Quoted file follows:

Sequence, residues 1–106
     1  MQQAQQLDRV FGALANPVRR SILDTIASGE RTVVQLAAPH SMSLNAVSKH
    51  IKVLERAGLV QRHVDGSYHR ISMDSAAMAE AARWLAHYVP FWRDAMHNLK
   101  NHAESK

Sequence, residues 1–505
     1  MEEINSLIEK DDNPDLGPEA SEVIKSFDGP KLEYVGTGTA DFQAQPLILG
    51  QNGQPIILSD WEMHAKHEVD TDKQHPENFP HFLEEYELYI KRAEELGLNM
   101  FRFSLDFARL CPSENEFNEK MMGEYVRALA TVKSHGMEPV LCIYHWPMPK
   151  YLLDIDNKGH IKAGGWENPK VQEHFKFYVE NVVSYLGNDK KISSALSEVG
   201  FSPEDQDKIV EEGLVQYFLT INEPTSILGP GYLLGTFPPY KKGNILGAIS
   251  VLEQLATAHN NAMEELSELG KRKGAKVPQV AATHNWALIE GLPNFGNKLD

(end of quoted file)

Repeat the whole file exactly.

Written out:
Sequence, residues 1–106
     1  MQQAQQLDRV FGALANPVRR SILDTIASGE RTVVQLAAPH SMSLNAVSKH
    51  IKVLERAGLV QRHVDGSYHR ISMDSAAMAE AARWLAHYVP FWRDAMHNLK
   101  NHAESK

Sequence, residues 1–505
     1  MEEINSLIEK DDNPDLGPEA SEVIKSFDGP KLEYVGTGTA DFQAQPLILG
    51  QNGQPIILSD WEMHAKHEVD TDKQHPENFP HFLEEYELYI KRAEELGLNM
   101  FRFSLDFARL CPSENEFNEK MMGEYVRALA TVKSHGMEPV LCIYHWPMPK
   151  YLLDIDNKGH IKAGGWENPK VQEHFKFYVE NVVSYLGNDK KISSALSEVG
   201  FSPEDQDKIV EEGLVQYFLT INEPTSILGP GYLLGTFPPY KKGNILGAIS
   251  VLEQLATAHN NAMEELSELG KRKGAKVPQV AATHNWALIE GLPNFGNKLD